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In conclusion, transistors processed from GaAs/GaAlAs Figure 10. a frequency of the resonant detection of the and GaInAs/GaAlAs heterostructures were investigated by group A, B and C transistors, as a function of the swing voltage.

magnetotransport measurements in order to characterize b quality factor corresponding to a frequency of the resonant their applicability as resonant tuneable detectors of THz detection, plotted in a), for the group A, B and C transistors.

radiation. We showed how the electron mobility in the transistor can be evaluated from a magnetic field dependence of the transistors resistance. High-mobility GaAs/GaAlAs Using the value of the mobility and the threshold transistors with a quality factor approaching 10 were voltage determined for different FETs we can estimate fabricated. These devices are most promising (among those their parameters for possible applications in the resonant investigated) devices for application as resonant detectors.

detectors of the terahertz radiation. In Fig. 10, we show We thank M. Dyakonov and S. Rumyantsev for helpful the frequency of the resonant detection and the quality discussions.

factor as a function of the swing voltage. The maximum frequency for a detector is determined by the maximum gate voltage swing and the gate length. As discussed before, the maximum gate voltage swing is determined by the References carrier density threshold voltage. It is usually slightly more negative than the transistor threshold voltage. The maximum [1] A.C. Samuels, D.L. Woolard, T. Globus, B. Gelmont, gate voltage swing is about 0.5 V for the group A and B E.R. Brown, J.O. Jensen, R. Suenram, W.R. Loerop. Environtransistors and 1.5 V for the group C. We took gate length mental Sensing of Chemical and Biological Warfare Agents in the THz Region. WOFE-02 Proceedings. Yoon Soo Park / L = 0.15 m for the group A and L = 0.8 m (shortest Ed. by Michael S. Shur, William Tang. (2002).

gates on a dice) for the group B and C. The mobility was [2] B. Ferguson, X.-C. Zhang. Nature Materials 1, 26 (2002).

assumed to be 6, 14 and 1 m2/Vs for the group A, B and [3] M. Kroug, S. Cherednichenko, H. Merkel, E. Kollberg, C, respectively.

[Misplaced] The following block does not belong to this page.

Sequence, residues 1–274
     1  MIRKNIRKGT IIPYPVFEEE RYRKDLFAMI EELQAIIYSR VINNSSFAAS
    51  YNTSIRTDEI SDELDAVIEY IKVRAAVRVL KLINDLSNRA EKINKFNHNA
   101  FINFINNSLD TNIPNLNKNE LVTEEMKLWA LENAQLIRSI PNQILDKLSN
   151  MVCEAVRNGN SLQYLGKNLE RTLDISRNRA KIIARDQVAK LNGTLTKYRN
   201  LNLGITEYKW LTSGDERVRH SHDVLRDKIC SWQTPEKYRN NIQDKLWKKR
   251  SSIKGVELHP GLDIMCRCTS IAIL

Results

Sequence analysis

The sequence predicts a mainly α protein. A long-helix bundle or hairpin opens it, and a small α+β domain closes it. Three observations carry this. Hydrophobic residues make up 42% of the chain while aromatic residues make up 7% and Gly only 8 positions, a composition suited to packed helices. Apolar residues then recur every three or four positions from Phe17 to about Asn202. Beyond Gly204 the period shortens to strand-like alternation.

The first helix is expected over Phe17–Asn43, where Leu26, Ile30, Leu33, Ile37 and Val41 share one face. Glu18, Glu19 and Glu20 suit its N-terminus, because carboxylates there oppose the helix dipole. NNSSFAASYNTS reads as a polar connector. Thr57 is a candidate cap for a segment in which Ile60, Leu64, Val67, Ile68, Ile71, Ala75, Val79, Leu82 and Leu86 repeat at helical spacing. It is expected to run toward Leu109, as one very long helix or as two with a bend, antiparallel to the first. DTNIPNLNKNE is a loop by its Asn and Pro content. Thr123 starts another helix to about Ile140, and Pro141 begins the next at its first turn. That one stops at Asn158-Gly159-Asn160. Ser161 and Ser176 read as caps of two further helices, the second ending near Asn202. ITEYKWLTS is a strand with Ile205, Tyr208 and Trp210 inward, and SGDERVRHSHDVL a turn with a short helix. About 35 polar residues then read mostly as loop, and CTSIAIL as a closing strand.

B. Voronov, G. Goltsman, H.W. Huebers, H. Richter. IEEE As can be seen from the figure, the maximum frequency Transactions on Applied Superconductivity 11, 962 (2001).

of the group A devices is approximately 1.5 THz. The [4] P.J. Burke, R.J. Schoelkopf, D.E. Prober, A. Skalare, points shown in Fig. 10 represent the results of recent B.S. Karasik, M.C. Gaidis, W.R. McGrath, B. Bumble, experiments [14,15]. The plasma resonance observed in H.G. LeDuc. J. Appl. Phys. 85, 1644 (1999).

the experiments were relatively weak (Fig. 1). This can be [5] B.S. Karasik, W.R. McGrath, M.E. Gershenson, A.V. Sergeev.

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Compound Semiconductor Electronics / Ed. by M. Shur.

can be obtained for these devices is around 1.5. The World Scientific Publishing (1996). P. 209.

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about 2. It means that these devices can not be used for [8] E.E. Haller, J.W. Beeman. In: Proceedings of Far-IR, Subresonant tuneable detection. The best quality factors were mm & mm Detector Technology Workshop, April 2002, obtained for group B transistors. At the maximum operation Monterey, CA, in press.

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, 2004, 46, . Magnetotransport characterization of THz detectors based on plasma oscillations in submicron field... [12] For review see M. Dyakonov, M.S. Shur. In: Terahertz Sources and Systems / Ed. by R.E. Miles. Kluwer Academic Publ., Netherlands (2001). P. 187.

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10 , 2004, 46, .

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